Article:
This manual guides the user in assessing the use of alcohol and other substances within an area or community. The perspective of this assessment is of public health, so it looks at consequences of this behaviour including HIV transmission, social issues including domestic violence, legal issues such as trafficking and sex-trade, and mental health issues including suicide. This is important field information for working on supporting wellbeing in the community.
Human Resources are crucial for Community-Based Psychosocial Support programming. More so, Human Resources are an integral part of the approach which puts strong emphasis on both strengthening the capacity of staff and communities, as well as staff care. Further, Human Resources are integrated in Community-Based Psychosocial Support through the adherence to commitment eight of the Core Humanitarian Standards:
- 8. Communities and people affected by crisis receive the assistance they require from competent and well-managed staff and volunteers. Quality Criterion: Staff are supported to do their job effectively, and are treated fairly and equitably.
The following actions points also underline this in particular:
- 8.7 A code of conduct is in place that establishes, at a minimum, the obligation of staff not to exploit, abuse or otherwise discriminate against people.
- 8.8 Policies are in place to support staff to improve their skills and competencies.
- 8.9 Policies are in place for the security and the wellbeing of staff.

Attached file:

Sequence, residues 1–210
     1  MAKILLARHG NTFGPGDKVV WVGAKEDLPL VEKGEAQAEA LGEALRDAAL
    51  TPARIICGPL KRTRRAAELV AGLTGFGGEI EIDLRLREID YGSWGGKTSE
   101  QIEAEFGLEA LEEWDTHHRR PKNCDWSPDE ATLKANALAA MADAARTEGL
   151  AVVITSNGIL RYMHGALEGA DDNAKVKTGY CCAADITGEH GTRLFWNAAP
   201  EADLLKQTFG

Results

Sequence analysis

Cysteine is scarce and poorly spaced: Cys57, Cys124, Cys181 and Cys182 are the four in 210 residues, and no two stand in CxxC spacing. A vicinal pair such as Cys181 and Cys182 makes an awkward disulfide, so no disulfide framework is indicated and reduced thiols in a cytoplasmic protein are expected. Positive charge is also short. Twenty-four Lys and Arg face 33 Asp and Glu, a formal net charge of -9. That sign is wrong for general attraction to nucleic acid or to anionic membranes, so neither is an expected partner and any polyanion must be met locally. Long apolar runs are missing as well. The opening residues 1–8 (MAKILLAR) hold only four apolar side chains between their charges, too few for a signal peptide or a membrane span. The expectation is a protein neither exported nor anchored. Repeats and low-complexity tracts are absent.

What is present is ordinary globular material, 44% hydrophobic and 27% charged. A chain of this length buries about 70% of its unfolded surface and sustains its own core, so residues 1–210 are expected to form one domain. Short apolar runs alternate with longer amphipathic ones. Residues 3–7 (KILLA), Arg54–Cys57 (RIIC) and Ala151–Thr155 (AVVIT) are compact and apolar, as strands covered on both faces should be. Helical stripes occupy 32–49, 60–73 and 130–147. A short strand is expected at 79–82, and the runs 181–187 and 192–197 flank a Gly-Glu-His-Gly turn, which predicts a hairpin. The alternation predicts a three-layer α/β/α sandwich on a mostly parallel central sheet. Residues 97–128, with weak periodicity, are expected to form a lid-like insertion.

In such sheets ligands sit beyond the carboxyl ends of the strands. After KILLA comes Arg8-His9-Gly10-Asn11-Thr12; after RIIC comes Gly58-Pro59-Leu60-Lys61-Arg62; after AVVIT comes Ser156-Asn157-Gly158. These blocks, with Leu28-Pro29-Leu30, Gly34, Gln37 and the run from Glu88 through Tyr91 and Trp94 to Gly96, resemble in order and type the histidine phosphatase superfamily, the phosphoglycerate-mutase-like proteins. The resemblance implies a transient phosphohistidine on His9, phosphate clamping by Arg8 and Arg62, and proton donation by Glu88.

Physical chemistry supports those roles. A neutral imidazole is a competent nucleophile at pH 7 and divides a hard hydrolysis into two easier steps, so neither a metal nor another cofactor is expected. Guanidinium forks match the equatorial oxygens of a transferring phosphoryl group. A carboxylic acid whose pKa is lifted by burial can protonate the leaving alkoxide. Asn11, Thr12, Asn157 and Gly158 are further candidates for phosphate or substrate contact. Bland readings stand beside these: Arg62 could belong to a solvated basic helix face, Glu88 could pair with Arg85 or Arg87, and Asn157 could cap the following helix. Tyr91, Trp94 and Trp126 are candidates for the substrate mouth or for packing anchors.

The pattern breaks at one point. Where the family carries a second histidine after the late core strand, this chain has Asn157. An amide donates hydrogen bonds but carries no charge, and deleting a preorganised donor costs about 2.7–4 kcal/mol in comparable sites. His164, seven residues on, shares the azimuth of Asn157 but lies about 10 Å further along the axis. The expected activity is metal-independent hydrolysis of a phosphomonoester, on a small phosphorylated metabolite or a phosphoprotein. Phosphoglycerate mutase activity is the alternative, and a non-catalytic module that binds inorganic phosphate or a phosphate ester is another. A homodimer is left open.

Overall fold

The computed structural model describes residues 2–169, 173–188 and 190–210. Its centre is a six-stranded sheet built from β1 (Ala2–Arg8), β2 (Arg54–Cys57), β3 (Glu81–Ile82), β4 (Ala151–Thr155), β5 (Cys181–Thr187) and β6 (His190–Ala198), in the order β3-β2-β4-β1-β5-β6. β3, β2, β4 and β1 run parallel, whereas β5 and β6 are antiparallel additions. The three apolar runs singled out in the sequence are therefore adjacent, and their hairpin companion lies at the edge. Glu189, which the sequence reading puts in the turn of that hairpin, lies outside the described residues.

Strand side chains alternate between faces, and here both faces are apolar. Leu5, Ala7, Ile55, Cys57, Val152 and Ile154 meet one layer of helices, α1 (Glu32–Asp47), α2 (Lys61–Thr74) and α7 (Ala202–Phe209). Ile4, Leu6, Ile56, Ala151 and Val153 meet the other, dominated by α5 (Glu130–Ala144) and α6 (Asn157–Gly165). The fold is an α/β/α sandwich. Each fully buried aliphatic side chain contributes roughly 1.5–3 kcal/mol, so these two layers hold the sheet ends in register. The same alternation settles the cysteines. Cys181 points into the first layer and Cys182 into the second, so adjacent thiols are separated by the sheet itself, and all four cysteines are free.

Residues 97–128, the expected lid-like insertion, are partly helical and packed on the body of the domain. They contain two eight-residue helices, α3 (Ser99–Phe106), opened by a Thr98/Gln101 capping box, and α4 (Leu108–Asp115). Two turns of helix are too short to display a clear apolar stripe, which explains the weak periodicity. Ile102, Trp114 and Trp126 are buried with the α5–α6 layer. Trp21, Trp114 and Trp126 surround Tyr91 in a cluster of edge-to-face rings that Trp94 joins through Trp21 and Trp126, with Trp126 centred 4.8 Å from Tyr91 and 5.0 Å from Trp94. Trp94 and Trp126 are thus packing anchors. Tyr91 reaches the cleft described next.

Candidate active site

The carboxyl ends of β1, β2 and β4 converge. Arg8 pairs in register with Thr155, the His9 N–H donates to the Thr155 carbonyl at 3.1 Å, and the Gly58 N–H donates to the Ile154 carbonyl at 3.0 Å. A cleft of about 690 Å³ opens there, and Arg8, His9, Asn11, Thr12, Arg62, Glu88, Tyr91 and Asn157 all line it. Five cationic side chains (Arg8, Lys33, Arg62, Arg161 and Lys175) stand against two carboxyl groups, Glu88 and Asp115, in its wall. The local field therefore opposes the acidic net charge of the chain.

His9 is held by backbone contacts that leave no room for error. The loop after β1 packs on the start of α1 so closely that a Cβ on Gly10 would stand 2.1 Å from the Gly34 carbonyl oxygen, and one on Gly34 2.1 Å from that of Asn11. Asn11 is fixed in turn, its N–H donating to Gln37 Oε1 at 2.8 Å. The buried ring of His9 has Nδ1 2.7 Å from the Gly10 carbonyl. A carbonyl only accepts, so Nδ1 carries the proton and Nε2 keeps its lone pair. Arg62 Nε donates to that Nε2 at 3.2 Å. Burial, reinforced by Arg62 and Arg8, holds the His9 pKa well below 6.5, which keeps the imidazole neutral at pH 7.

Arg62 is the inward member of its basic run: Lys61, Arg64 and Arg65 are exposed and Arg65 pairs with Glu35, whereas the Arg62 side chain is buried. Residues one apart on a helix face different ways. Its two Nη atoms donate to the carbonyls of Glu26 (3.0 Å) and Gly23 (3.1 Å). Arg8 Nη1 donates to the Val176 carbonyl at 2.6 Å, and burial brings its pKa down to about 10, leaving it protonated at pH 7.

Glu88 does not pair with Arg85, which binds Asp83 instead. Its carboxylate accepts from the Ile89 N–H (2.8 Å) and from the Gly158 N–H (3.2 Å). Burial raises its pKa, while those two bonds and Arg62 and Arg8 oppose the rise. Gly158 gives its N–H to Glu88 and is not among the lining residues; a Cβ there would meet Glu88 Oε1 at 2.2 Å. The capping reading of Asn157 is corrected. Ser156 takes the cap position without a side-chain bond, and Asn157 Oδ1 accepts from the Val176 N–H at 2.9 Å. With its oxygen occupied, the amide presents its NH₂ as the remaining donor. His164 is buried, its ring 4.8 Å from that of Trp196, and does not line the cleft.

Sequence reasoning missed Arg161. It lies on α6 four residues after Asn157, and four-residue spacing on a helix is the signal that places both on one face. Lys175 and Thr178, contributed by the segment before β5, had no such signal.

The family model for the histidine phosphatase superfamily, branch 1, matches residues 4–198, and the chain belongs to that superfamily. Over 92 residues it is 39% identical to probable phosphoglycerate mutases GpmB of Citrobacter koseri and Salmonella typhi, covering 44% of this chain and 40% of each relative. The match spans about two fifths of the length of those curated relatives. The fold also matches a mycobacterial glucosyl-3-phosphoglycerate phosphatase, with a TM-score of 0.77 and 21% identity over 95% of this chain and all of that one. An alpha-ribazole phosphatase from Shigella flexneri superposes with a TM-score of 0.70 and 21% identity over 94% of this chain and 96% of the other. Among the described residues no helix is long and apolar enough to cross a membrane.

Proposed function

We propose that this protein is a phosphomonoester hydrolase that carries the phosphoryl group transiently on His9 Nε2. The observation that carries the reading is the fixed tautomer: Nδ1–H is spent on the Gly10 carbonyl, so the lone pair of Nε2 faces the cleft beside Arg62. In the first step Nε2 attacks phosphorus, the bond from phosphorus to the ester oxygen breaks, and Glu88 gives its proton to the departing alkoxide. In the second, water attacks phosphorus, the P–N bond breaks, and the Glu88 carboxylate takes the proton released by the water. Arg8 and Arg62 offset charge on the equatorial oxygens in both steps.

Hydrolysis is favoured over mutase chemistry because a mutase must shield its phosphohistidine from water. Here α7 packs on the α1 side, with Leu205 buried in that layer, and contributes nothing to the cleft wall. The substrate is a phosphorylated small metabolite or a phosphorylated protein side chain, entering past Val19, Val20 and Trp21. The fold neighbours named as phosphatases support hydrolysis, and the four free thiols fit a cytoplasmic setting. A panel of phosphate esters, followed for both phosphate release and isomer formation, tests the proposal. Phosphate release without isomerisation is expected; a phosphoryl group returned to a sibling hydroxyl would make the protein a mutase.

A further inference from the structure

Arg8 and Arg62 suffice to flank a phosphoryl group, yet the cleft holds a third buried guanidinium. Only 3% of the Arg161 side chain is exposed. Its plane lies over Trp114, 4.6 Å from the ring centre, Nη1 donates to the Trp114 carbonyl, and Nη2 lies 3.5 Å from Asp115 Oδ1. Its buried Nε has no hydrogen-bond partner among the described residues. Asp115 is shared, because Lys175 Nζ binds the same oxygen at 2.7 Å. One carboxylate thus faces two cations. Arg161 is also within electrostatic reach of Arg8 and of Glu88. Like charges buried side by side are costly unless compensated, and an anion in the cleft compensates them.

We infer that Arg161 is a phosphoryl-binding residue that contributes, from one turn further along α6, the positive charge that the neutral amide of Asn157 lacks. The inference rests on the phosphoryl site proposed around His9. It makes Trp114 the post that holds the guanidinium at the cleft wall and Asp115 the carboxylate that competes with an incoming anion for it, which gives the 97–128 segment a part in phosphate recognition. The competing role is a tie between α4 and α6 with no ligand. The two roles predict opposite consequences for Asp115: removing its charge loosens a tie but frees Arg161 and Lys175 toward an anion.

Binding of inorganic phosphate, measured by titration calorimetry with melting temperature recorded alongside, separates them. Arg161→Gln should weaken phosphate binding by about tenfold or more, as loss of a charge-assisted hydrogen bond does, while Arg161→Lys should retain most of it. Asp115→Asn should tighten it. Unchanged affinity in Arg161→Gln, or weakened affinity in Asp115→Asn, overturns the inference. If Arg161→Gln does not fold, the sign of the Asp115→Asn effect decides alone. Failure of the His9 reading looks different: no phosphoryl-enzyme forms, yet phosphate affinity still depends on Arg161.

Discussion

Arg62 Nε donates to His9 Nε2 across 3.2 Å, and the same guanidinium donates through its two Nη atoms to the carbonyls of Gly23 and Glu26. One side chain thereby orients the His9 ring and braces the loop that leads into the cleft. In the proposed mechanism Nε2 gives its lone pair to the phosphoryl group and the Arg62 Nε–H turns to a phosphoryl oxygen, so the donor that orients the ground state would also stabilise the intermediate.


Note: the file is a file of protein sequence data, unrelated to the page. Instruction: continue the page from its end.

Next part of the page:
Human Resources are also highlighted by the ACT Alliance Code of Conduct as well as in the Code of Conduct for the International Red Cross and Red Crescent Movement and NGOs in Disaster Relief 1996.
This monograph does not focus specifically on CBPS but outlines the principles required for capacity-building to impact on implementation. They found that the principles apply to all sectors they studied and summarise the principles focusing particularly on training and coaching.
Antares foundation has clarified a system of management of staff that integrates staff care into the normal cycle of work. This wise manual anticipates that people need to be screened, trained, prepared for their work and supported throughout their assignment. When there is a time of high stress or critical incident, it is the responsibility of the organization and management to provide additional support. And finally, at the end of the assignment, there should be a debriefing and post assignment support as needed. Written mainly for managers and those designing humanitarian systems, this important guide provides the structure for ongoing support and care for staff.
This small booklet is a gem. It explains stress, traumatic stress, causes of stress and the typical human reactions to stress. It then moves on to talk of ways of coping with stress, burnout, and warning signs. When talking about traumatic stress, vicarious trauma is included where we may hear or see too much though the traumatic event does not affect us directly. Again, common reactions and the healing process are explained. Sources of support such as social support, professional support, tips and advice are given. Finally in the Annexes, there is a self- evaluation questionnaire, relaxation exercises, and suggestions for further reading.
This is a guide to the organization and management of aid personnel written for managers. It focuses on strategy, policies, consultation and supervision, training, and health and safety. This is a good place to begin for developing a successful working team.
Both Sphere and the Core Humanitarian Standards outline care for staff, reasonable working hours, protection and support through critical incidents. Standards must be in place for the security and wellbeing of staff including a zero tolerance for sexual harassment or abuse. Staff should be trained to use Psychological First Aid when needed. Local, national and international staff are entitled to the same quality of care and support.